I know that my donated food is protected by the Good Samaritan law, so I can't get sued if it makes someone sick after I donate it. But what about takeout and leftovers from the dining room? For example, if a customer packs up half an entree, leaves it in the sun, and gets sick a few days later, am I responsible?
– Chef, College Foodservice, Boston
In this column, we previously addressed proper procedures for donating surplus food to a nonprofit like a soup kitchen or shelter. And you’re right—from that entry: “The federal Bill Emerson Good Samaritan Act protects restaurants that donate food in good faith to nonprofits like food banks, food pantries and soup kitchens. Some states and municipalities have additional protections in place.”
While it is true that the same protections do not apply when leftovers are not donated to a nonprofit, many attorneys agree that as long as you did everything you could to ensure proper food handling while it was under your control, there would not be a strong case against you if the guest mishandled the food and it caused illness later. Our friends at Avvo posed this question to a group of attorneys, and here are some excerpts of their responses:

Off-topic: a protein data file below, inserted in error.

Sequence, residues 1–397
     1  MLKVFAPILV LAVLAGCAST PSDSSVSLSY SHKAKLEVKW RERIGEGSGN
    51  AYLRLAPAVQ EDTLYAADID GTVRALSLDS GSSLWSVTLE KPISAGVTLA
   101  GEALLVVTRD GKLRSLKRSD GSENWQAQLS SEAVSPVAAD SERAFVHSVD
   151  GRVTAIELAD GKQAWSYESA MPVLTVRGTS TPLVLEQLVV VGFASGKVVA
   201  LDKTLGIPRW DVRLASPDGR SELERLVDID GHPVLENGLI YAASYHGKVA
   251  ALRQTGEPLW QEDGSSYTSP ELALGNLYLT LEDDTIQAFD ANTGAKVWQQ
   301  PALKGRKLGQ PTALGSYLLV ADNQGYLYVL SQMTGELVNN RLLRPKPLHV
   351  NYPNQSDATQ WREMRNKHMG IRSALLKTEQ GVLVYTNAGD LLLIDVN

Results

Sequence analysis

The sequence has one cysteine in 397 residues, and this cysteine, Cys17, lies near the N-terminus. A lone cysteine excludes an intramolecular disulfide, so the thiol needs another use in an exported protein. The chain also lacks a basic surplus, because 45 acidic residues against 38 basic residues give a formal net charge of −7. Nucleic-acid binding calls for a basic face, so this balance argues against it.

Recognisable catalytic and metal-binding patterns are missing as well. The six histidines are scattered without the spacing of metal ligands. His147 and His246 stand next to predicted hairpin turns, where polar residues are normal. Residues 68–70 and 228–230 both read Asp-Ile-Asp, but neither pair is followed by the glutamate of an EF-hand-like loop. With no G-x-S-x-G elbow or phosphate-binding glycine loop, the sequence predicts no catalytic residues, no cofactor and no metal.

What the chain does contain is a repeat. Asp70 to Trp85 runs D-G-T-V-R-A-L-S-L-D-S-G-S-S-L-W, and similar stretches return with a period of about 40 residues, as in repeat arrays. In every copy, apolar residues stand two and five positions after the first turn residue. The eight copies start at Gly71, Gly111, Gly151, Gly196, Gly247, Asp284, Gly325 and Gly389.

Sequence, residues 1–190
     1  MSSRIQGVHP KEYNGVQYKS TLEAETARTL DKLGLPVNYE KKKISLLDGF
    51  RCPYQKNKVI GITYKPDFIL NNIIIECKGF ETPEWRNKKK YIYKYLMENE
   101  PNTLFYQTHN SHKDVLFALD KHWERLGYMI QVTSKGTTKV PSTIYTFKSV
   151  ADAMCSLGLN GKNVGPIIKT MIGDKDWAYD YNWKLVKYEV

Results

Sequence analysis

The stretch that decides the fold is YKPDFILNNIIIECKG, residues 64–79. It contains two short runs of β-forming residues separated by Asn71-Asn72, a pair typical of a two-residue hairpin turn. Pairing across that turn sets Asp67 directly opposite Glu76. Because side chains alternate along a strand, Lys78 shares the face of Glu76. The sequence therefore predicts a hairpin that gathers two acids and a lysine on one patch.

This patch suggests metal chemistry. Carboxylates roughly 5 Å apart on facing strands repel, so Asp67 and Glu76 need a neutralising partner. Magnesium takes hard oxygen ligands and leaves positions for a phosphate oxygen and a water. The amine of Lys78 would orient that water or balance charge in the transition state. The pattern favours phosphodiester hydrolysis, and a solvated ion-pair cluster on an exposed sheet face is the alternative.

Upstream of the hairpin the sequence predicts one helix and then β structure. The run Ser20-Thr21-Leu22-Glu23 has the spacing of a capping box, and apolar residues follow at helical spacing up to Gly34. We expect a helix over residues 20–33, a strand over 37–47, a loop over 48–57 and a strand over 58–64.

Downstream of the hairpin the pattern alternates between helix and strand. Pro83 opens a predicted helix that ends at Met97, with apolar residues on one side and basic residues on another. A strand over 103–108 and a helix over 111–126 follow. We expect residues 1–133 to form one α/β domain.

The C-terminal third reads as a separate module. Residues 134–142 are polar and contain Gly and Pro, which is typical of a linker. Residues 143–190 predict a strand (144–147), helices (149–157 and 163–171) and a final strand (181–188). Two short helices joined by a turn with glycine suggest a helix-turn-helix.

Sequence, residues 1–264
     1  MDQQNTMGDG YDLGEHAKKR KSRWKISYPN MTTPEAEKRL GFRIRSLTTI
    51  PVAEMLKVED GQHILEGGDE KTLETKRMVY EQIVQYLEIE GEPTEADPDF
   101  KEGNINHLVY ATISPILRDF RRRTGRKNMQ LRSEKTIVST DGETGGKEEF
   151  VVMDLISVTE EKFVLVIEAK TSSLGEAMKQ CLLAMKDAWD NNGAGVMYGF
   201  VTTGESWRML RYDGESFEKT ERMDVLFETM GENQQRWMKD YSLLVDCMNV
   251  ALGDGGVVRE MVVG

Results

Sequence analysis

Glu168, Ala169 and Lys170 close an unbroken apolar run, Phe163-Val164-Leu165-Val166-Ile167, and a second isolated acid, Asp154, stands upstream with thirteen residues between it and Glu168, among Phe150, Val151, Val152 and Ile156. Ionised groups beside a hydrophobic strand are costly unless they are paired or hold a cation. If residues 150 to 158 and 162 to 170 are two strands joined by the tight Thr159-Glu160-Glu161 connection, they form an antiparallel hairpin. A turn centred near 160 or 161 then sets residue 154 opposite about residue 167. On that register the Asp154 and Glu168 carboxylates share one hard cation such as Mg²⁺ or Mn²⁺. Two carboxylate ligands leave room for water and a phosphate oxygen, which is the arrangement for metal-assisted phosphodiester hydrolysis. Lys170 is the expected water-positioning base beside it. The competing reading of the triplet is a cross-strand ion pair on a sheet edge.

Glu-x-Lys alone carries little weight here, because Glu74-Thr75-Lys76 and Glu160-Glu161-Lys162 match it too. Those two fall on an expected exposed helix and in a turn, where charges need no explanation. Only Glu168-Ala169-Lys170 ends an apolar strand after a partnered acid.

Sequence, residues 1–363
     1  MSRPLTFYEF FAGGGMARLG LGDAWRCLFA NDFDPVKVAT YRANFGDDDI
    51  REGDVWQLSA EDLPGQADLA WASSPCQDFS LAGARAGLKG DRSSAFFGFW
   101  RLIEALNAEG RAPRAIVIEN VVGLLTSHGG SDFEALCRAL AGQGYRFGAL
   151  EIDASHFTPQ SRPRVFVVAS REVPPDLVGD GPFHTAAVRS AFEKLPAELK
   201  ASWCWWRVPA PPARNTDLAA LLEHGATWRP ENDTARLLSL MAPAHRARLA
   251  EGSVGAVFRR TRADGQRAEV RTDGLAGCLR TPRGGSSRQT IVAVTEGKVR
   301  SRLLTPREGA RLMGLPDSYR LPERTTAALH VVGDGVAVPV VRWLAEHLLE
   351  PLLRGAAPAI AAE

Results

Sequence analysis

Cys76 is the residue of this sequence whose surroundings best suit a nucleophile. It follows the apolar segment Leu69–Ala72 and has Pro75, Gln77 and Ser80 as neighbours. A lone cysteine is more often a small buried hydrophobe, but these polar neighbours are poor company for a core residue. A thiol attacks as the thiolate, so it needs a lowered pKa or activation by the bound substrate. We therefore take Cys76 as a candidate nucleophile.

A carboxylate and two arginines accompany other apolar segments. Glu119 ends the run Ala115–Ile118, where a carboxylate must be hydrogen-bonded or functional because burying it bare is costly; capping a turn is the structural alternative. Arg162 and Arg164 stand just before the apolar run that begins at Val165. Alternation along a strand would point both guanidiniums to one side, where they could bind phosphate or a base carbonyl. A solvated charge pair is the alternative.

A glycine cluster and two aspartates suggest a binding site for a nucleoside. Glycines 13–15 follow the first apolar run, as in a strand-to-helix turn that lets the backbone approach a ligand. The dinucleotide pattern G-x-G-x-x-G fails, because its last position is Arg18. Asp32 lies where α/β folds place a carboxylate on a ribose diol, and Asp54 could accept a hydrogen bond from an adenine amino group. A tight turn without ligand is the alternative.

- "In Massachusetts, no one can collect in a lawsuit if their own behavior is at least 51% responsible for their damages.” -David Owens
- "If the food was good when you served it, there is no claim.” -Susan Sachs
- “… there probably is not any liability for you because you have no control over the food once it leaves the establishment.” -Michael Szklasz
All of that said, it remains bad business for guests to get sick from your food, even at their own hands. My advice is to do what you can to adjust portions to minimize leftovers (also helping with food cost), and help guests learn proper handling for storage and reheating.
As always, check with your attorney about a policy or a specific case. More on managing leftovers here.